Cyclic behavior and design methodology of exposed base plates with extended anchor bolts
- Author(s): Torres-Rodas, P;
- Medalla, M;
- Zareian, F;
- Lopez-Garcia, D
- et al.
Published Web Locationhttps://doi.org/10.1016/j.engstruct.2022.114235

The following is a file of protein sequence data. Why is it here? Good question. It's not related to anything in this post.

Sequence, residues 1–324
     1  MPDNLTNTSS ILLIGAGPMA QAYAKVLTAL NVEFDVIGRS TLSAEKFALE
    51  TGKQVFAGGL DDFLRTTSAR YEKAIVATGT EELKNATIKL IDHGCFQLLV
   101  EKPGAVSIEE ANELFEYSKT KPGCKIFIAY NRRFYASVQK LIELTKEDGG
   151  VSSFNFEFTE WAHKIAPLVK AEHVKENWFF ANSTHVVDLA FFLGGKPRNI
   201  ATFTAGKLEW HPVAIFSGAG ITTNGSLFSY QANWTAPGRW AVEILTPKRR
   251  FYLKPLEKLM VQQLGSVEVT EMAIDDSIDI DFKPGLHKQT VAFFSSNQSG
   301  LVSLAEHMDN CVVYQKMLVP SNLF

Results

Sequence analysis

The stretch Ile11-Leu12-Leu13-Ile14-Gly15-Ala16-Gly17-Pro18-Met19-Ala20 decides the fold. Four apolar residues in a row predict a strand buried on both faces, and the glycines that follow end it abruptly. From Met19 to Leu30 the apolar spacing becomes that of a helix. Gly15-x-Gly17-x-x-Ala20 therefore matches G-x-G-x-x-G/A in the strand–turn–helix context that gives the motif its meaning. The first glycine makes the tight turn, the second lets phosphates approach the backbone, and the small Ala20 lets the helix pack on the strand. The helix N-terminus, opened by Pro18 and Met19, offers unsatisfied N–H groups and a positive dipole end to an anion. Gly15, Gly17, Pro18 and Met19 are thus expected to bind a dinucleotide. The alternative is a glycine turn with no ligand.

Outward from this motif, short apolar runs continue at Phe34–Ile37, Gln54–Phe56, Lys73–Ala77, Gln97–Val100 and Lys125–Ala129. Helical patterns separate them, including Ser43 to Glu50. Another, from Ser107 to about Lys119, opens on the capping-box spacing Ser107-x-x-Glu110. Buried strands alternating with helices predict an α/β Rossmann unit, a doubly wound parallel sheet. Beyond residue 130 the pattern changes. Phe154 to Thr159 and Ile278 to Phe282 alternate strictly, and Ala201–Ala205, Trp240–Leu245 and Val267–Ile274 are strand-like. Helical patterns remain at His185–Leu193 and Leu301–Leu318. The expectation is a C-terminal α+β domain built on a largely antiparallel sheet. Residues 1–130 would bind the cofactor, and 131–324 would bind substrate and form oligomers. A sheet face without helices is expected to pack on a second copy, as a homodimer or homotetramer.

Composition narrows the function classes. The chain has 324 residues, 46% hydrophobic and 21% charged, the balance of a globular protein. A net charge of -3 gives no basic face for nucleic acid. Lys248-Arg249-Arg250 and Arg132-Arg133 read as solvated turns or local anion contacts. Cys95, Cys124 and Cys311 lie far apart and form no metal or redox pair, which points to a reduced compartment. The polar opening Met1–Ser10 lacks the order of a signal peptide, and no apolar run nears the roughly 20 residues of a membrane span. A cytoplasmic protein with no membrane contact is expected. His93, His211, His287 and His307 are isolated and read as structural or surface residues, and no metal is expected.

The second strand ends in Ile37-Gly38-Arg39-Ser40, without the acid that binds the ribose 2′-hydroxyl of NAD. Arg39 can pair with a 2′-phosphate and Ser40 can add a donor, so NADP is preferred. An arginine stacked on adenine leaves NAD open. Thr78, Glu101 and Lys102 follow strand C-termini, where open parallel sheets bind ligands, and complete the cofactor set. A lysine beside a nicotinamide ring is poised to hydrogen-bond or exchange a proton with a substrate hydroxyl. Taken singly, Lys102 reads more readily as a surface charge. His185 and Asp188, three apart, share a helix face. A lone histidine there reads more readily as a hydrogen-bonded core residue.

This paper investigates the behavior of a ductile detail of exposed base plates. This detail consists of a base plate anchored to the concrete foundation through bolts extended to a steel chair configuration. The intention is to concentrate plastic strains mainly in the extended region of the anchor bolts, forcing the other connection components to remain elastic. The scientific background of this research consists of a series of sophisticated nonlinear finite element models subjected to a cyclic load protocol in the presence of an axial compressive force. The models were validated against an experimental test reported in the literature. Forces within the connection components, stresses, strain distributions, and deformation modes were examined. A total of sixteen three-dimensional nonlinear models were created using the ABAQUS simulation platform. The models were separated into two groups: the first consists of models with dimensions similar to the specimens tested in recent experimental programs reported in the past, while the second group simulates connections representative of mid-rise industrial frames. Building on the insights gained from the simulations of the first group, a methodology is proposed to design these column base connections. This suggested methodology is validated with the second group of simulations. Results indicate that the studied configuration detail presents some advantages compared with the traditional detail presented in Design Guide 1. For instance, plastic strains are developed almost exclusively in the anchor rods, and no damage is expected at the remaining components. Another essential characteristic is the exposed stretch length, with which it is possible to achieve a target design rotation without significant strain concentrations in the anchor rods. This characteristic facilitates post-earthquake inspections and repairs, and damage is virtually eliminated in the first story.